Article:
My face a featureless, fine
Jew linen.

Peel off the napkin
O my enemy.
Do I terrify?——

The nose, the eye pits, the full set of teeth?
The sour breath
Will vanish in a day.

Soon, soon the flesh
The grave cave ate will be
At home on me

And I a smiling woman.
I am only thirty.
And like the cat I have nine times to die.

This is Number Three.
What a trash
To annihilate each decade.

What a million filaments.
The peanut-crunching crowd
Shoves in to see

Them unwrap me hand and foot——
The big strip tease.
Gentlemen, ladies

These are my hands
My knees.
I may be skin and bone,

Nevertheless, I am the same, identical woman.
The first time it happened I was ten.
It was an accident.

The second time I meant
To last it out and not come back at all.
I rocked shut

As a seashell.
They had to call and call
And pick the worms off me like sticky pearls.

Is an art, like everything else.
I do it exceptionally well.

I do it so it feels like hell.
I do it so it feels real.
I guess you could say I’ve a call.

It’s easy enough to do it in a cell.
It’s easy enough to do it and stay put.
It’s the theatrical

Comeback in broad day
To the same place, the same face, the same brute
Amused shout:

‘A miracle!’
That knocks me out.
There is a charge

For the eyeing of my scars, there is a charge
For the hearing of my heart——
It really goes.

And there is a charge, a very large charge
For a word or a touch
Or a bit of blood

Or a piece of my hair or my clothes.
So, so, Herr Doktor.
So, Herr Enemy.

I am your opus,
I am your valuable,
The pure gold baby

That melts to a shriek.
I turn and burn.
Do not think I underestimate your great concern.

Ash, ash—
You poke and stir.
Flesh, bone, there is nothing there——

A cake of soap,
A wedding ring,
A gold filling.

Herr God, Herr Lucifer

Out of the ash
I rise with my red hair
And I eat men like air.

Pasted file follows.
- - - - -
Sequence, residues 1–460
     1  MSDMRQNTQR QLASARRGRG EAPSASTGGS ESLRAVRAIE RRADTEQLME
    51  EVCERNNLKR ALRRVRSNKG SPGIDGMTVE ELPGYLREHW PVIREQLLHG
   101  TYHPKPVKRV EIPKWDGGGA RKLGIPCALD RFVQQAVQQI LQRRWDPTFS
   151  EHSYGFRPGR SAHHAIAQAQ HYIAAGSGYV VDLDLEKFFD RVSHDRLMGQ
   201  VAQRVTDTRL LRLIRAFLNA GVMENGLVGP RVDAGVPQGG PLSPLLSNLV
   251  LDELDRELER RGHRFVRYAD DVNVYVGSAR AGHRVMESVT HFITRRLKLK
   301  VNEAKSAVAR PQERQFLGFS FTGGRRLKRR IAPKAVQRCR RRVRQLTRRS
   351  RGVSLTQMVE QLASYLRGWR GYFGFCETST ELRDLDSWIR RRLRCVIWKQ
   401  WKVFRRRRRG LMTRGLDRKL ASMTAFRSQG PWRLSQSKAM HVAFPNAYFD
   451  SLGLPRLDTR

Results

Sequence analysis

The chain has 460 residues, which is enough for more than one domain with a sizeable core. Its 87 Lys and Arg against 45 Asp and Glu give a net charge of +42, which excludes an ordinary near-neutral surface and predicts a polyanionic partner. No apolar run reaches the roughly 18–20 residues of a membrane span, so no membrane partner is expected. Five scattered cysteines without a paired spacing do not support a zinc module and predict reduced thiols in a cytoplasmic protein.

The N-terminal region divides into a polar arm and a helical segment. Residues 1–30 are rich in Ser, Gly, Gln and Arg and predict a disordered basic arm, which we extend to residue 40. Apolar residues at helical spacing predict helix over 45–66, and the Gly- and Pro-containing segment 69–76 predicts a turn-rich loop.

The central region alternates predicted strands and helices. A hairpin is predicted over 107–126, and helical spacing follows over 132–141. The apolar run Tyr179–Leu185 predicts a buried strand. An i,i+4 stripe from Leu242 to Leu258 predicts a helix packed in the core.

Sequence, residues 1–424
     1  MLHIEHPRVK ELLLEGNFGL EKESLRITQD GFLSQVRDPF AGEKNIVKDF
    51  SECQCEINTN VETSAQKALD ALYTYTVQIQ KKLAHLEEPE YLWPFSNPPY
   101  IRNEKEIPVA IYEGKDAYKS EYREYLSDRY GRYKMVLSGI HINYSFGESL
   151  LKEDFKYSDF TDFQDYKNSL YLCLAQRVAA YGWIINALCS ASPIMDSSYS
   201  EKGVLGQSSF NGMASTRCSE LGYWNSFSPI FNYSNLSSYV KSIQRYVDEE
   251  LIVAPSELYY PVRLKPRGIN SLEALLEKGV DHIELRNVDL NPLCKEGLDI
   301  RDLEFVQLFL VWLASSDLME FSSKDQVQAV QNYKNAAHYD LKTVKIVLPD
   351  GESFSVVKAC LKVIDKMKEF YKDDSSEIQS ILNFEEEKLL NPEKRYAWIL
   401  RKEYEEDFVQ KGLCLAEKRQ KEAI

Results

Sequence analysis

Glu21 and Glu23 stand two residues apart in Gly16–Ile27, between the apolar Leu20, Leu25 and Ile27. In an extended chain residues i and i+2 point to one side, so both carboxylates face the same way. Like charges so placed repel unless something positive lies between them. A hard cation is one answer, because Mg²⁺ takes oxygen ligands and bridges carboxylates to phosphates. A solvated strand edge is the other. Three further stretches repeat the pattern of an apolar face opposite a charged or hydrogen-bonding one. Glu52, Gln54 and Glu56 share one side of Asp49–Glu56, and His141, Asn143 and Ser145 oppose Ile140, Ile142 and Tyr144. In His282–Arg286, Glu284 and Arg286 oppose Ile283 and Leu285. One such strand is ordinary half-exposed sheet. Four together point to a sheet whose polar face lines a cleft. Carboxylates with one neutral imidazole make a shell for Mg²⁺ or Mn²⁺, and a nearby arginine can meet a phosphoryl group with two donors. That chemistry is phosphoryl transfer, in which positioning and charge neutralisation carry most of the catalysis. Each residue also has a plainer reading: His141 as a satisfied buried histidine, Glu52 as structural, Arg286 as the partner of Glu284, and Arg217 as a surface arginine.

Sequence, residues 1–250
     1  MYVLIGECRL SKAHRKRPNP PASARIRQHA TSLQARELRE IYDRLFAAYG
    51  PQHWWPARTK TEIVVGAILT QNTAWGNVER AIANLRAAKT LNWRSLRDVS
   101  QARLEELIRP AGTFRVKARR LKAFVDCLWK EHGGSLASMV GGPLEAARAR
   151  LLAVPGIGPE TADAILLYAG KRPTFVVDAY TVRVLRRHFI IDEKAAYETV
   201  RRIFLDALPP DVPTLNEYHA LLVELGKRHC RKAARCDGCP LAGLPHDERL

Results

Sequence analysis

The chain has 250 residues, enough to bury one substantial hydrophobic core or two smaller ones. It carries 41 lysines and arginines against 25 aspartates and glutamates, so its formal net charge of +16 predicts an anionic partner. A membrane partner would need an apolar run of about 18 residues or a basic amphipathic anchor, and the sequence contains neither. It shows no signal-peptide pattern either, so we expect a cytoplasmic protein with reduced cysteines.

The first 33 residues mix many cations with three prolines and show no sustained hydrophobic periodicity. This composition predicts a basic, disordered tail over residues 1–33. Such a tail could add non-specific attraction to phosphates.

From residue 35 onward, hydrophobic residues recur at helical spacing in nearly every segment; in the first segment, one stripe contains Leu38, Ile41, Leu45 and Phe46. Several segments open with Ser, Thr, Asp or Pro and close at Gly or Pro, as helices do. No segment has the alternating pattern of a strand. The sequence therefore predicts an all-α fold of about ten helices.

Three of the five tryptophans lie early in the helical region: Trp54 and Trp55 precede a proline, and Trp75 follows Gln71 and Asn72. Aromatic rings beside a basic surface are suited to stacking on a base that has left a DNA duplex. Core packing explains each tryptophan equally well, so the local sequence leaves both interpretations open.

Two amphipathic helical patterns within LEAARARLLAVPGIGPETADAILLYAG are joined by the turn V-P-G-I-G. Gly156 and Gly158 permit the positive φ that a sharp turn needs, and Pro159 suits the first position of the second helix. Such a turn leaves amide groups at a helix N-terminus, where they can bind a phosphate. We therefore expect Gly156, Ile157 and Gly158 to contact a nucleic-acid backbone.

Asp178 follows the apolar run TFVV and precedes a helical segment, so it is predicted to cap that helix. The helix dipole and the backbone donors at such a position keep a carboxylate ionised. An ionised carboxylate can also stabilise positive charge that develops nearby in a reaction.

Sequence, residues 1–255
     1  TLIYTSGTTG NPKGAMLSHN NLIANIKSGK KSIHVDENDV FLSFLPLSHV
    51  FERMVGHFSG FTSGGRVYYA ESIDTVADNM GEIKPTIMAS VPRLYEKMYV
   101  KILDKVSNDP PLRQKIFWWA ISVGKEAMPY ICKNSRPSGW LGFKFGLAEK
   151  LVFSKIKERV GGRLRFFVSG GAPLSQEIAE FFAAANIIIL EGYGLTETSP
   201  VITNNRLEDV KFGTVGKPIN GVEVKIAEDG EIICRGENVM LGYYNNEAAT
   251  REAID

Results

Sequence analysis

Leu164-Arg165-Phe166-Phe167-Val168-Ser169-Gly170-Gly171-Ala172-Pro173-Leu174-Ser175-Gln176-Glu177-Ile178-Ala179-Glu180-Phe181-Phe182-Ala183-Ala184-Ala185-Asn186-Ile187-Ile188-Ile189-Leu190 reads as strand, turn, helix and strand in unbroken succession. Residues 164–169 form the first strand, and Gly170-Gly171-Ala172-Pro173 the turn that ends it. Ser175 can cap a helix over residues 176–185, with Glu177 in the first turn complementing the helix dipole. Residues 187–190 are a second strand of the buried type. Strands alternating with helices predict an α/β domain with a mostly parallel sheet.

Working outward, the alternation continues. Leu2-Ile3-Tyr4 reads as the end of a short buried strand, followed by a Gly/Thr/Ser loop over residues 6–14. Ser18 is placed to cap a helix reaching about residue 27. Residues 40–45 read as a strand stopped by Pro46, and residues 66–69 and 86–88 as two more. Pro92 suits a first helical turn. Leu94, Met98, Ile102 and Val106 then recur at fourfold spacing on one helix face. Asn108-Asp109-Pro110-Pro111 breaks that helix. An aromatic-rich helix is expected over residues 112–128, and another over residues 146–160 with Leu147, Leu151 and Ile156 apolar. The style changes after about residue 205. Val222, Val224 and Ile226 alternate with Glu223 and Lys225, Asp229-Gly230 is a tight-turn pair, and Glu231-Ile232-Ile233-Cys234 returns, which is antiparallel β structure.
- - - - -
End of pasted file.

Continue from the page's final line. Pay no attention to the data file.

Sylvia Plath (1932 – 1963)

The title Lady Lazarus rolls off the tongue with alliteration and assonance. She uses interior rhyme. Colloquial expression gives emphasis to the passion of her delivery –
I do it so it feels like hell.
I do it so it feels real.
She mentions her age of 30 years … I am only thirty … she turned 30 on the 27th October 1962 … so this dates the poem … her most productive time as a poet.

There are 28 three line stanzas involving reference to –
SP’s previous suicide attempts – with personal details … like her scars
The Holocaust … she identifies her ‘death and resurrection’ in terms of those that died in the gas chambers. In her final attempt she dies with her head in an oven.
Religion – Lazarus – resurrection – She details what her ‘resurrection’ signifies.
Her life … she sees herself as an artist …
Is an art, like everything else.
I do it exceptionally well.

It is a very strong stand-up ‘I’ poem declared in strong passionate terms. And rallying against those guilty of inhumanity. A confrontation with Herr God, Herr Doktor, Herr Lucifer.

SP was only nine years old when her father died and this caused an anger against death in taking him away, he had a German heritage … she became aware of the holocaust and the terrors of death in the camps when a child being born in 1932 … again angry with such death … caused by man … and at the time of writing this poem, in October 1962, Ted Hughes had left her and perhaps an ’emotional death’ and distrust created similar anger against man. This poem is often seen as a statement for female emancipation.